claims of conscience

References in classic literature ?
I have formed my plans--right plans I deem them--and in them I have attended to the claims of conscience, the counsels of reason.
In addition, the rights of civilians to be safeguarded as noncombatants as well as the claims of conscience of those in the military need to be affirmed.
That is, it is a claim of state authority to prevail over claims of conscience largely for the sake either of authority itself or for the sake of (what amounts to the same thing) coercing compliance with, cooperation in, and assent to the state's ideology.
It proposes a definition of conscience, something that cannot be supplied by science or medicine, then proposes to instruct its reader on 'the limits of conscientious refusals,' describing how claims of conscience should be weighed in the context of other values critical to the ethical practice of health care" (p.
If claims of conscience are often associated with a specifically liberal and Christian tradition, mid-twentieth century Britain can be said to stand at the centre of that tradition.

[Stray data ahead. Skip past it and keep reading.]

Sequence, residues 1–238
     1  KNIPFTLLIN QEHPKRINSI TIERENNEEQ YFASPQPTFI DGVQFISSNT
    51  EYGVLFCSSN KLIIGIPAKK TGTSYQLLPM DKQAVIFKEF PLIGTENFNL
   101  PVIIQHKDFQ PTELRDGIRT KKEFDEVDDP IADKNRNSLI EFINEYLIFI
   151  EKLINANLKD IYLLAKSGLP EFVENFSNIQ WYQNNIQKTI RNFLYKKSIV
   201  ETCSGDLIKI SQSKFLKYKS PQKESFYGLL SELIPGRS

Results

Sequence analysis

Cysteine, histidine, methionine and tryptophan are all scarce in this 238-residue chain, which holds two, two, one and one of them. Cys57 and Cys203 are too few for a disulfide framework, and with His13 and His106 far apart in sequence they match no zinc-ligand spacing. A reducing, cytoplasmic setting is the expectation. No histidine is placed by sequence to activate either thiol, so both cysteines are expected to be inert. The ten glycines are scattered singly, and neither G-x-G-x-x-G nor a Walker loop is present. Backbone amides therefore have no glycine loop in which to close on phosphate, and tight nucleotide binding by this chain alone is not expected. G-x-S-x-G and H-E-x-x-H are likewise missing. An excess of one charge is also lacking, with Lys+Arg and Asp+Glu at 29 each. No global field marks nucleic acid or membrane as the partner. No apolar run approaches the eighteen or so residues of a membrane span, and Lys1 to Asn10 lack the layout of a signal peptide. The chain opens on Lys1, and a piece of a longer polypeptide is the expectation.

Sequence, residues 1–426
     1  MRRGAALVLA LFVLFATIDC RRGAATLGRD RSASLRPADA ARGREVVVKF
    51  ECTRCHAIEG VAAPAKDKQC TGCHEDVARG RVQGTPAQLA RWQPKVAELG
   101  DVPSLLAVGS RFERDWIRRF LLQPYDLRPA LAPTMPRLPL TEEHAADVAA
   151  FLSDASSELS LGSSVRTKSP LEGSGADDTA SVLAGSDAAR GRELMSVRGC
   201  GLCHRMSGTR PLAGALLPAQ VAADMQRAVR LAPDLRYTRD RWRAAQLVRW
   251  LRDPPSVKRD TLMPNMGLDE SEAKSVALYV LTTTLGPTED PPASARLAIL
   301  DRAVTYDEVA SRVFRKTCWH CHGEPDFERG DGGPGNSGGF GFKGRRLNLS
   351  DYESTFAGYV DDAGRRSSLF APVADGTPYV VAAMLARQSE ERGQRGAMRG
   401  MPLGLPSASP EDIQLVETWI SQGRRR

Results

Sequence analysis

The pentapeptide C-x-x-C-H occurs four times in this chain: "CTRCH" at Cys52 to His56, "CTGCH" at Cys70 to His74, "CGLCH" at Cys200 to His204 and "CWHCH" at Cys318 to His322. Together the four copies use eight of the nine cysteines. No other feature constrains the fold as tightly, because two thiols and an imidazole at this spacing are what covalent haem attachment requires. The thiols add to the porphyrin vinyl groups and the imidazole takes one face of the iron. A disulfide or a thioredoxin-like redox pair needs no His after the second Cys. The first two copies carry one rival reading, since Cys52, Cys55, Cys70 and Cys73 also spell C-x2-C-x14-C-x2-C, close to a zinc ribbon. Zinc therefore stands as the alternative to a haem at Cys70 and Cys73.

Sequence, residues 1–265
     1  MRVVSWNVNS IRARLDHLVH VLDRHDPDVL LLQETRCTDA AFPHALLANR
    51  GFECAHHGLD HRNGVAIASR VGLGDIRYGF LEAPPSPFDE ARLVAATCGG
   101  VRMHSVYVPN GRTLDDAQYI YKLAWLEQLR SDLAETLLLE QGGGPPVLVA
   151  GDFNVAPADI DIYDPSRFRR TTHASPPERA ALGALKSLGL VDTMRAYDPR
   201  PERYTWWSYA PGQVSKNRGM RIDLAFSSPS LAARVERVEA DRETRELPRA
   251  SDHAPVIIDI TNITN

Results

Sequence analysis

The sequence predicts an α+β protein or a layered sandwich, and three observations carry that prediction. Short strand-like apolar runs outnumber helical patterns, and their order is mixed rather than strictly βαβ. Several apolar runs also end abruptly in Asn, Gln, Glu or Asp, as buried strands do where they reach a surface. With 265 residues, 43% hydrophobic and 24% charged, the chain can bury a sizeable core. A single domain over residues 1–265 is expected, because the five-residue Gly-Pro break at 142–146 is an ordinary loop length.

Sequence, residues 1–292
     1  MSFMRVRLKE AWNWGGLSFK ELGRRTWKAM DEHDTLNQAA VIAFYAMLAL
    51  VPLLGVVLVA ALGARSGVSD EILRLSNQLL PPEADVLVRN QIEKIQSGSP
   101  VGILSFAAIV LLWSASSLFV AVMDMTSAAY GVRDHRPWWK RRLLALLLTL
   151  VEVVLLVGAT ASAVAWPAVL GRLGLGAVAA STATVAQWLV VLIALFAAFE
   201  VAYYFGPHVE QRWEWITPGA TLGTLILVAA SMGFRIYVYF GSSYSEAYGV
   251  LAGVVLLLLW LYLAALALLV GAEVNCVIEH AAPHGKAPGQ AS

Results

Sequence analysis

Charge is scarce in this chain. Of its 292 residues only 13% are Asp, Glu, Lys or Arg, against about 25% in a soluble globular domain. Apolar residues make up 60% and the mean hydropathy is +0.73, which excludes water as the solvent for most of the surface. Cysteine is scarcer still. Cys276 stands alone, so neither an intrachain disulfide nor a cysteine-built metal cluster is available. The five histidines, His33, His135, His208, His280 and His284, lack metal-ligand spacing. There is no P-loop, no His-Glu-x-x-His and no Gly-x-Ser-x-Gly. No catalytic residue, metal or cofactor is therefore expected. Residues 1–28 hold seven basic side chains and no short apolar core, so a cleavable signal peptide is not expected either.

Conservatives' claims of conscience in conflicts over abortion and same-sex marriage put liberals on the defensive.
No one will be beheaded, as Sir Thomas and others were, for refusing to place the latest decrees of Caesar above the ancient claims of conscience.
When it comes to accommodation of practices, and not just beliefs, Leiter argues that it would be impractical to accommodate all claims of conscience and "unfair" and "arbitrar[y]" to single out claims that are grounded in religious belief.
As a result, legislation recognizes claims of conscience for refusing providers and institutions alone.
Because we cannot easily place the group's asserted right of moral autonomy within the prevailing individual-versus-state paradigm for analyzing claims of conscience, we tend to view groups as interlopers masquerading as individuals.
This is precisely right; psychological distress may provide reasons to respect conscience but these reasons can be too easily overridden in ways most people do not think claims of conscience usually should be.
It is true that the claims of religion and the claims of conscience frequently coincide, as in conscientious objector cases, for religion commonly asks us to believe what there is reason to believe as a matter of conscience.
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